Yale Museum Surrenders Exhibit as Part of Art Looting Investigation

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A Yale University museum surrendered this 10th-century statue of Kubera, a god of wealth, to investigators who say it was looted from India.

Law enforcement officials have seized 13 exhibits from the Yale University Art Gallery, which they say were looted. Many of them, authorities say, are part of an ongoing investigation into Subhash Kapoor, a former Madison Avenue art dealer who is accused of being one of the world’s most active antiques smugglers.

Yale admitted the seizure, posting on the museum’s website that it delivered the items to the Manhattan District Attorney’s office, which is investigating in tandem with the US Homeland Security Service.

Subhash Kapoor, who once ran the respected Manhattan gallery known as Art of the Past, has been imprisoned in India since 2011 on charges of stealing, smuggling, and trading in more than 2,500 South Asian artifacts. He faces similar charges in New York City, where officials accused him of running a multinational chain that has traded more than $145 million in illegal items for more than 30 years. His extradition to the USA will be sought after the criminal case is solved.

Officials from the Homeland Security Investigation Division and the Manhattan District Attorney’s Office said they could not discuss all parameters of the investigation. But the Department of Homeland Security released a statement saying most of the Yale artifacts are linked to either Subhash Kapoor or his foreign suppliers.

The agency valued 13 properties at $1.29 million.

Matthew Bogdanos, head of the District Attorney’s Antiquities Division, released a statement saying the office determined that nine of the 13 antiquities at Yale were illegally sold by Kapoor. Nine artifacts were donated to Yale University by the Rubin-Ladd Foundation, which has donated the pieces to several museums and provides grants to cultural and educational organizations.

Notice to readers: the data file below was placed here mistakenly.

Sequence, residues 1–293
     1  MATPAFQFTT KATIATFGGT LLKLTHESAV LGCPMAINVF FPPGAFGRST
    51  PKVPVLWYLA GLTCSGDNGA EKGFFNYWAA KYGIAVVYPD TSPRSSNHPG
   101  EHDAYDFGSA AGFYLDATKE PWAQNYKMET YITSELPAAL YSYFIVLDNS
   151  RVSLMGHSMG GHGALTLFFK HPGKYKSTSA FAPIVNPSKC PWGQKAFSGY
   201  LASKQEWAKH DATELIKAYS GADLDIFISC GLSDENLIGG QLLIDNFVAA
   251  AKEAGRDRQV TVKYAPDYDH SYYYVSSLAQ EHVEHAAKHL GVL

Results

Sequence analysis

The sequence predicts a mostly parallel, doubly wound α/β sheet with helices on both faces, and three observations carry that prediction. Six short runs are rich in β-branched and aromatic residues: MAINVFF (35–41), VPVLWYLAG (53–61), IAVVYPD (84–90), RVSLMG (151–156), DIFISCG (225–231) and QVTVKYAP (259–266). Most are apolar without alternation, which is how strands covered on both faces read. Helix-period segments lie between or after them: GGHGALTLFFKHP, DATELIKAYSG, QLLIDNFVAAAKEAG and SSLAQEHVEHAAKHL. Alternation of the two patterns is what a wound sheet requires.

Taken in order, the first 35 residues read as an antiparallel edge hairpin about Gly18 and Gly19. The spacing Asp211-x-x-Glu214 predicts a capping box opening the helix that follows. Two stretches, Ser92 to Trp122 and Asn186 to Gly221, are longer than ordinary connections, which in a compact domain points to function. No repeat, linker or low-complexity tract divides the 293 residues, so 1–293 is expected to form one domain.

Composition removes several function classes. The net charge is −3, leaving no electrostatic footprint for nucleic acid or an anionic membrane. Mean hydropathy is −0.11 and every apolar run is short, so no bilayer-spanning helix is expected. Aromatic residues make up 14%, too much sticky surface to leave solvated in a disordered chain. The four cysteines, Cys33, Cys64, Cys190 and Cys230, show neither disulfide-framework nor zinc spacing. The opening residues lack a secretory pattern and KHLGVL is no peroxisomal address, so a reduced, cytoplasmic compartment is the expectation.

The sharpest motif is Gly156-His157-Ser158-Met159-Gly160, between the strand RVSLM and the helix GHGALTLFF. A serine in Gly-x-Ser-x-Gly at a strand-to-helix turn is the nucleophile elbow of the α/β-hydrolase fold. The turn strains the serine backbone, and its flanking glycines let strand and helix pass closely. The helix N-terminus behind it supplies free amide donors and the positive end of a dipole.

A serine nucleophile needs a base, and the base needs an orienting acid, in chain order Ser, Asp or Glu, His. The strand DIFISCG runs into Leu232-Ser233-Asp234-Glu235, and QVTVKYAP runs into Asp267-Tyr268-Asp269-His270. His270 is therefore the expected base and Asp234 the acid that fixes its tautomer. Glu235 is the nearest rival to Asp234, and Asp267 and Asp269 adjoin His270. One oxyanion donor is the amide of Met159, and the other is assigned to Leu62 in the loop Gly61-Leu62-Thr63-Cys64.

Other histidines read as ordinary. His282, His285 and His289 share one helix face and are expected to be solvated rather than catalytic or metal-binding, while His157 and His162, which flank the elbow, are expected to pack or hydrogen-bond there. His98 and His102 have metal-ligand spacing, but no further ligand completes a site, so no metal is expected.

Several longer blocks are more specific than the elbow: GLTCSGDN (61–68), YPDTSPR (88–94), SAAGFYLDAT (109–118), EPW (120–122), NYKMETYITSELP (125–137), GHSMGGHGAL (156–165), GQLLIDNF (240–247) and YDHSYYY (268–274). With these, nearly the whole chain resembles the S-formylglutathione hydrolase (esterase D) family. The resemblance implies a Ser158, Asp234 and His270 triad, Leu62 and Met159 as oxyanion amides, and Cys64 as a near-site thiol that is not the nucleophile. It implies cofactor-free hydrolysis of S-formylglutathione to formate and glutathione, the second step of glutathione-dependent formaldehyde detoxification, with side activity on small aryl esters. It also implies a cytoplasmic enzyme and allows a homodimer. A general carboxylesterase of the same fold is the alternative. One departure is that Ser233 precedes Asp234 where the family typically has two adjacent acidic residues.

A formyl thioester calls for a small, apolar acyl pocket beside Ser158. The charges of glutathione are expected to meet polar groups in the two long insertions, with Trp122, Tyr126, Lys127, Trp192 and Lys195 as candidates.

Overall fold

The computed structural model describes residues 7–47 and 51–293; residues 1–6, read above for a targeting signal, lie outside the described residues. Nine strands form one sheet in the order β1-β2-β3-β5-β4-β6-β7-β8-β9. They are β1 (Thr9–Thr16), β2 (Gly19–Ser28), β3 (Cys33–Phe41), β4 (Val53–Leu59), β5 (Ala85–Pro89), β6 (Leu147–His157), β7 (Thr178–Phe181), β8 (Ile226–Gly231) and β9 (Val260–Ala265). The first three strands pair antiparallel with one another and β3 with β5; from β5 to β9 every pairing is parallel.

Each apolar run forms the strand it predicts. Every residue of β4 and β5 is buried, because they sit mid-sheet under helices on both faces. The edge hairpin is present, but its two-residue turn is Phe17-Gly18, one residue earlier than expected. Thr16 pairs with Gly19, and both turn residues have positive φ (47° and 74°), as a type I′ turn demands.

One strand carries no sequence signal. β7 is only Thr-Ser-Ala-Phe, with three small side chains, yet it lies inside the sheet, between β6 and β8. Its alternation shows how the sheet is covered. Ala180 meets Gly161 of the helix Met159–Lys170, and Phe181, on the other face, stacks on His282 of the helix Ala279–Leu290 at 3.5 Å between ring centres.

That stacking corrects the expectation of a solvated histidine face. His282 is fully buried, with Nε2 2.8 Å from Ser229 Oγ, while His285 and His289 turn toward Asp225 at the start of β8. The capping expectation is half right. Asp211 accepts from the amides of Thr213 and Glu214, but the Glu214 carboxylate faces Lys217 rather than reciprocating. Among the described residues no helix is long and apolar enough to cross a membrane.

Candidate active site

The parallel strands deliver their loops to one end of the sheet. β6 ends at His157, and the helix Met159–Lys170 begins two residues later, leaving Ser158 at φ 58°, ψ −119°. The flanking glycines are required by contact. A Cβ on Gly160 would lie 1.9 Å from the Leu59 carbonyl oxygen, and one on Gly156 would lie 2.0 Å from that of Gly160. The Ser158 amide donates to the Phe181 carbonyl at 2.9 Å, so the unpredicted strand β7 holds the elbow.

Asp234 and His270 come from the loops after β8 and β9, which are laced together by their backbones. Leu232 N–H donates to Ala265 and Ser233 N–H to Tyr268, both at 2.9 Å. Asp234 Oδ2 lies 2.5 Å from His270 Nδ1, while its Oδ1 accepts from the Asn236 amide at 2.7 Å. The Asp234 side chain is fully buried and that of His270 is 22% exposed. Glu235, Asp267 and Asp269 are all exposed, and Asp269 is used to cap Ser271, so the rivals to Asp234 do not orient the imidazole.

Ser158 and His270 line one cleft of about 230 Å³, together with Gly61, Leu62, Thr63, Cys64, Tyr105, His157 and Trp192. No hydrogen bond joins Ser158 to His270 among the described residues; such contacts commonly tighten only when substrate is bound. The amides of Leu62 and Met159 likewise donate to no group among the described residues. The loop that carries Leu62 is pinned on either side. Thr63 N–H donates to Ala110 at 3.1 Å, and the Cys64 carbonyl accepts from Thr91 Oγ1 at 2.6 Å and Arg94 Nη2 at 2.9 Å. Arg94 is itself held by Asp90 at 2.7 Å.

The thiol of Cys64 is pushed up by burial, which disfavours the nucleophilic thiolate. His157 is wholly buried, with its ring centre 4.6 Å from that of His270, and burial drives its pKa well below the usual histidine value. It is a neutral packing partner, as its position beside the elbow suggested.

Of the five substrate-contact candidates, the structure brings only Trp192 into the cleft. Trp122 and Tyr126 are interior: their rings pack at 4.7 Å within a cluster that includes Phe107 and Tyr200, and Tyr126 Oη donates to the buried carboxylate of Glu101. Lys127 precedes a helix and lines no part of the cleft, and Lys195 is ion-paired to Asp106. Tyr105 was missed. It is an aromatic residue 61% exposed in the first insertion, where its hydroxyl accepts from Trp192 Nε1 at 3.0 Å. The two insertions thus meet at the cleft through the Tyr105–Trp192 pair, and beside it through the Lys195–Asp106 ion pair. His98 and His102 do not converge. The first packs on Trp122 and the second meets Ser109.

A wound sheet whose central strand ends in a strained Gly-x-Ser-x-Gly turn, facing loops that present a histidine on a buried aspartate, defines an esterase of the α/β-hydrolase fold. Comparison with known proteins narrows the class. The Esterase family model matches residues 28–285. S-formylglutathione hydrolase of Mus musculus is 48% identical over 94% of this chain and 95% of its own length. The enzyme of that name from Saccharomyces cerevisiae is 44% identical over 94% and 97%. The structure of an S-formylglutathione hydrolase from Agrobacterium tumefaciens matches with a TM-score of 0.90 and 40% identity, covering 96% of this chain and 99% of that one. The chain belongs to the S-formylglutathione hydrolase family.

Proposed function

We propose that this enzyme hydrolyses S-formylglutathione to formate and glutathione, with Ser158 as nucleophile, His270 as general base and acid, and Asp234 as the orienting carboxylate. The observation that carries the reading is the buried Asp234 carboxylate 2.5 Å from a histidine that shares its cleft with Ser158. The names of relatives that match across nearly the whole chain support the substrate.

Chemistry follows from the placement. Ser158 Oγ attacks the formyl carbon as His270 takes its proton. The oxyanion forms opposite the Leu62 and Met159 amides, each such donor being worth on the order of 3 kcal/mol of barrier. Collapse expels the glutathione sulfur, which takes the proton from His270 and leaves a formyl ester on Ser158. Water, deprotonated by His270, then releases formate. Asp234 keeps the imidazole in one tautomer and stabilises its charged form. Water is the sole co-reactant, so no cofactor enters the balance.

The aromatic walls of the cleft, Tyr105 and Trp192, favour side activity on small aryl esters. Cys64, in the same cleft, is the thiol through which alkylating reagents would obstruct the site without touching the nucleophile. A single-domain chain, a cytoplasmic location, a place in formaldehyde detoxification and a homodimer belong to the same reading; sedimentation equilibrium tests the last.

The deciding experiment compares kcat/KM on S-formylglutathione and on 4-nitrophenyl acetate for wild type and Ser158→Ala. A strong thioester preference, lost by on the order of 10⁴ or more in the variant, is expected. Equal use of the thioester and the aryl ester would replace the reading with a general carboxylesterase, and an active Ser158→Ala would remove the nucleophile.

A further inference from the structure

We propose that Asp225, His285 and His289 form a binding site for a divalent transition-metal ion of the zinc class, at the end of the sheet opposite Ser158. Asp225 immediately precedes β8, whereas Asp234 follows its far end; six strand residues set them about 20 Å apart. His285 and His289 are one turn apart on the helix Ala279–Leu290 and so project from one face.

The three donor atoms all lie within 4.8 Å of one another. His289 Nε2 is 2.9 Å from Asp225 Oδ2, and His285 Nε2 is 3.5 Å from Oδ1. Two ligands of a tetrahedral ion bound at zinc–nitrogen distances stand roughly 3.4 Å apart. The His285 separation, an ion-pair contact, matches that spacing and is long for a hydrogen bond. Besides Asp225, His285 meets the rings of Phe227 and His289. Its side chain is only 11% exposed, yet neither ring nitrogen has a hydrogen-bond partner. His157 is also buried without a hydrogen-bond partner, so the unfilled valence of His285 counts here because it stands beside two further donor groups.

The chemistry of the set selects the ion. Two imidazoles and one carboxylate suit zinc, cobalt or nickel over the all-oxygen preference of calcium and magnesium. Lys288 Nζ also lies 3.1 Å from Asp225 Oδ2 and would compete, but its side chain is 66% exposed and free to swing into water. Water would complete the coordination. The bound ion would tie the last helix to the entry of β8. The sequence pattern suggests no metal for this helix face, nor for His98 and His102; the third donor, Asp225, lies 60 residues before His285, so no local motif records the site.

The Yale Museum was founded in 1832 and is recognized as the oldest collegiate art museum in America. It has about 300,000 exhibits. The institutions that have returned Subhash Kapoor the items include the National Gallery of Australia, the Toledo Museum of Art, and the Honolulu Museum of Art.

Vijay Kumar, the founder of an India-based organization that tracks stolen artifacts and works with investigators, said that while Yale received gifts before Kapoor’s arrest, the university should have done more to investigate their origins after the art world became aware of the extent.

Investigators said some of the items Yale received as gifts had origins that included the Subhash Kapoor gallery. Asked to elaborate on the scope of the research of the origin, Yale declined to comment. But the university has listed some of the items in a section of its website reporting works in the collection that has gaps in provenance.

The statement said that Yale University, having received information that works from its collections were stolen from their countries of origin, turned over the works to the New York District Attorney’s office on March 30, 2022, which will coordinate the repatriation of the objects later this year.

The statement said that Yale University, having received information that works from its collections were stolen from their countries of origin, turned over the works to the New York District Attorney’s office on March 30, 2022, which will coordinate the repatriation of the objects later this year.

The second item that was turned in was a marble arch from the 12th or 13th century, valued at $85,000. It was donated in 2007.

The fund listed about $6.8 million in assets in its most recent public tax return, which it filed last year. The Smithsonian Institution and the New York Public Library were listed as two of 23 organizations that received  $126,500 in grants.

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